I love fall. I’ve loved fall everywhere I’ve ever lived, not that there are that many different places in my personal roadmap.
I was born outside of Chicago and spent most of the first eight years of my life in that area, with a short foray to the hills of North Carolina. The entire rest of my life has been lived in Texas, here in Paris and in Austin.
Fall in Northern Indiana comes early, usually, and gives way quickly to the lake-effect snows and blisteringly cold temperatures of real winter weather, making heavy coats and gloves and waterproof boots required wear.
Living up north, I never missed a day of school because of snow or ice. If the schools up there closed down due to winter weather, they’d have to close for weeks on end, and that would make for some seriously undereducated kids.
I remember the first time the schools here in Paris closed down after what I thought of as a light dusting of snowflakes fell across the city.
I was astonished at the reactions of the people. My sister and I had tramped through snow up to our waists to get to the school bus stop three blocks away and here we were missing classes because of a few flurries piled up on the windshields of the cars.
Ice storms were something new and different, however. I have no recollection of ice storms living up north. Things can get icy up north, yes, but not the way they do here, where the ice falls from the sky and coats everything, bringing trees limbs and powerlines crashing to the ground under the weight of all that frozen precipitation. Snow is not nearly as dangerous as sheets of ice.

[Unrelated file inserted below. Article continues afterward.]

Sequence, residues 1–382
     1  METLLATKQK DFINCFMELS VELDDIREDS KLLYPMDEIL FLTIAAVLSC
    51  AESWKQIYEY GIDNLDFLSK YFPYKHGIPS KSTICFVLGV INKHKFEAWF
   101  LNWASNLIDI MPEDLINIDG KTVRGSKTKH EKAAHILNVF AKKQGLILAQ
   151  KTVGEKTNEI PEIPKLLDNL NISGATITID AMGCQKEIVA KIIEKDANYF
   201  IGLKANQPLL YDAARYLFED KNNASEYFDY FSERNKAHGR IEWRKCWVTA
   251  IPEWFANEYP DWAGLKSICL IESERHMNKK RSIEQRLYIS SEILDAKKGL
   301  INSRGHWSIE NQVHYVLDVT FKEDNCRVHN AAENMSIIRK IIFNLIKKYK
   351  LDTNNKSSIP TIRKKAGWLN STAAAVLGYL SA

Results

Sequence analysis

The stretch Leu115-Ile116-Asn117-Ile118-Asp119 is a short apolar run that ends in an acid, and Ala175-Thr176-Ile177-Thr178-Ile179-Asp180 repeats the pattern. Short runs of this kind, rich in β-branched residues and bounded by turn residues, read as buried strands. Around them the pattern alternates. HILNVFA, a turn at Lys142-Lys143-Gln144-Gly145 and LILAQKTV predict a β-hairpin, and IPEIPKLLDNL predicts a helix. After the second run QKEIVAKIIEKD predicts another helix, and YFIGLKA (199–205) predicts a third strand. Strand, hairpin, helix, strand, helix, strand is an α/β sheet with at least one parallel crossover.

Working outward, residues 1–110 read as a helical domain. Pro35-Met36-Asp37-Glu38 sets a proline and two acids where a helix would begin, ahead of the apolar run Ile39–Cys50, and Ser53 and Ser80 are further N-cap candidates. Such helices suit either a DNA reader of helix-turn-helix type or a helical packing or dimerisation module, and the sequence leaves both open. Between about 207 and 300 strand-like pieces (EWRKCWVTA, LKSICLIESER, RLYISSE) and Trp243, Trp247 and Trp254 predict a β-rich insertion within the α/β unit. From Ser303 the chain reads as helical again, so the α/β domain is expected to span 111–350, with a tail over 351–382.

Fall in the hills of North Carolina was nippy but colorful with no snow as I recall, but lots of cold rain.
When I lived in Austin for a few years, as a student and a young newspaper worker, fall was a time of beer drinking and spectacularly weird Halloween events, leading up to days that never really got cold enough to pull out the winter coats.
I recall students roaming campus in shorts and flip flops and tanning in the malls and celebrating the end of the semester with a dip in the pool at their apartment complex before packing up and heading home for the holidays.
Fall in Texas used to mean an end to the sweating and air conditioners going mostly silent, but that may be changing.
It’s October, at last, and, yes we do seem to be finally past the long, hot summer, and, yes, we are in for some nippy weather this coming weekend, but forecasters are telling us the warm weather is not gone just yet here in Texas.
The National Weather Service is predicting above average temperatures across the entire country through the end of the year, after what has turned out to be the hottest summer on record in the northern hemisphere.
Here in Northeast Texas, it rarely snows before December with January and February the months most likely to see what little frozen precipitation we go get. Let’s just hope we get some snow, at all.